House Democrats are heading toward the 100th day of Donald Trump’s presidency with the kind of feel-good unity they haven’t experienced since the election.
Coming off a rowdy recess where Republicans continued to be skewered by constituents on everything from health care to Russia to Trump’s tax returns, Democrats say walking through the political wilderness isn’t so bad — at least for now.
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It’s a stunning reversal from the despair dominating the caucus just a few months ago when Trump entered the White House and Republicans seemed poised to wreak havoc on Democratic priorities.
“Donald Trump’s administration is a complete and utter disaster. And Paul Ryan’s leadership is so lackluster and weak,” Rep. Ruben Gallego (D-Ariz.), a frequent thorn in his own leadership’s side, said in an interview. “I think we’re seeing a resurgence in the Democratic Party.”
House Democrats are ready to flex their muscles, providing a list of demands Republicans must meet if they want Democratic votes to keep the government running beyond Friday. And they could be key players on tax reform and infrastructure in the coming months, if Trump ends up needing bipartisan buy-in.
“It’s a great time to be a Democrat,” said Virginia Rep. Gerry Connolly, warning Republicans that even if they do achieve some of their biggest goals — like dismantling Obamacare — they will pay at the polls.
“We know we’re going to lose some battles between now and 2018 but every one of those losses costs the other side votes,” he said.
A surge of energy rippled through the Democratic caucus last month after Republican attempts to repeal Obamacare crashed and burned in dramatic, multi-day fashion.
The party is also bolstered by its competitive streak in a pair of special elections in long-held GOP districts in Georgia and Kansas, which they hope could signal a Democratic wave in 2018.
“The president is coming up to his first 100 days with very little to show for it,” said New York Rep. Joe Crowley, chairman of the House Democratic Caucus. “I think Democrats are buoyed by what they see happening.”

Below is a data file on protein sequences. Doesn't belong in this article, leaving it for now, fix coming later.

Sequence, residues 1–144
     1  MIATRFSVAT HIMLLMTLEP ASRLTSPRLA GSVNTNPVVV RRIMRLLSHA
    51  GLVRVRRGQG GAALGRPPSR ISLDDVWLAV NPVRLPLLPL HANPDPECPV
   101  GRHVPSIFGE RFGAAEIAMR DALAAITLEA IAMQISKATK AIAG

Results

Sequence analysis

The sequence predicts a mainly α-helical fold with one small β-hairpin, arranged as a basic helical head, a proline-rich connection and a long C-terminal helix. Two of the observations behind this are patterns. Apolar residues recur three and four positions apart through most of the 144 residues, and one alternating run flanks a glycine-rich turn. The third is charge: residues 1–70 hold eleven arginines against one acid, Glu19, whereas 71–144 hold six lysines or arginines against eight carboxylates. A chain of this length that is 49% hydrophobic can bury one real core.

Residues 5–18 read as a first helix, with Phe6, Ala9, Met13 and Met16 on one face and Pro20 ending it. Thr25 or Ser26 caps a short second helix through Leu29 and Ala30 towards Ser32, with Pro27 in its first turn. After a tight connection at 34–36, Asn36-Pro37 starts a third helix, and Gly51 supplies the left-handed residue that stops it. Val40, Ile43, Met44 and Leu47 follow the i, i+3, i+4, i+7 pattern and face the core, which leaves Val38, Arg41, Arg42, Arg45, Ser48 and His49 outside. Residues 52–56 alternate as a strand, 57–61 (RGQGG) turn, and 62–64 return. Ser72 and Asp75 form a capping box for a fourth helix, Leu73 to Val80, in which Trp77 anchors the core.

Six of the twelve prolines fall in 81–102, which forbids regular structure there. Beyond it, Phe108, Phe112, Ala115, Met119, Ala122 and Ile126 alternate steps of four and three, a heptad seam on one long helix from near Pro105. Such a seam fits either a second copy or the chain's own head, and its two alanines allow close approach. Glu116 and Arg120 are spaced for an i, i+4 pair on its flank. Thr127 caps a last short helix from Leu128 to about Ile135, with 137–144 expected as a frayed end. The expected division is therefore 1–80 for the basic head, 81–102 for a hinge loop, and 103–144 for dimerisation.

House Democrats emerged from the election shell-shocked — Trump had won the White House, Republicans still controlled the Senate, and House Democrats only picked up a handful of seats, despite boasting about the potential for double-digit wins.
But after a series of self-inflicted stumbles by the administration and Congress, including the Obamacare repeal implosion and botched travel ban, Democrats say they haven’t faced the doomsday they were forecasting in November.
The turnaround is remarkable for a caucus that just a few months ago, fearing several more years in the House minority, saw a brief challenge to House Minority Leader Nancy Pelosi’s leadership.
Now, some members are even talking openly about the possibility of taking back the House in 2018. They would need to pick up two dozen seats, an uphill battle to say the least. But the chatter speaks to the optimism the caucus is feeling.
And Gallego, who voted against Pelosi in last year’s leadership race, said the good fortune will lead to high expectations in November 2018.
“I’m happier than I was a couple months ago,” Gallego said. "[But] if we cannot pick up the 24 seats within the first two years of this presidency, then we need to reevaluate our whole leadership structure. Because we are essentially going to be in a long, prolonged legislative desert.”
In the immediate future, House Democrats have significant leverage in ongoing talks to keep the government open beyond the April 28 deadline.
With hardline conservatives frequently opposed to spending bills, Republican leaders will likely need a number of Democratic votes to avoid a government shutdown. And Pelosi is nothing if not an expert vote counter.
Democratic leaders say they won’t accept a Republican proposal that funds Trump’s proposed border wall, pours federal dollars into a “deportation force” or blocks federal grants for sanctuary cities, all top priorities for a White House looking for its first big legislative win.
Democrats also say Republicans must agree to maintain Obamacare subsidies for lower-income people in the spending bill, a program Trump has threatened to derail.
Some members are also threatening to withhold support for any short-term funding extension, which is likely to be needed, unless the broad outlines of a larger deal are already agreed to by both parties.
With a spending deal elusive, Democrats also say a Republican push to hold an Obamacare repeal vote soon, possibly in the middle of bipartisan funding talks, isn’t helping negotiations.
“I think, once again, it’s tough to ask for Democratic cooperation on one [issue] when you’re engaged in this wrecking ball mission on the other, especially since the two may very well be linked,” Connolly said.
At best, in Democrats’ minds, Republicans fall on their face again on health care, dealing another embarrassment to House GOP leadership and Trump. At worst, the bill makes it through the House where they think it has a good chance of dying in the Senate.
“I think it’s foolhardy to try to resurrect that bill,” Crowley said. “The likelihood of that bill passing the Senate is so remote…it’s not even remote. It’s not going to happen.”
But for every House Republican that votes in favor of the repeal, Gallego reasoned, the 2018 campaign ads will have written themselves.
Voting for an Obamacare repeal “gives us our specific targets,” Gallego said. “If they want to write their own obituaries, we shouldn’t get in the way of that.”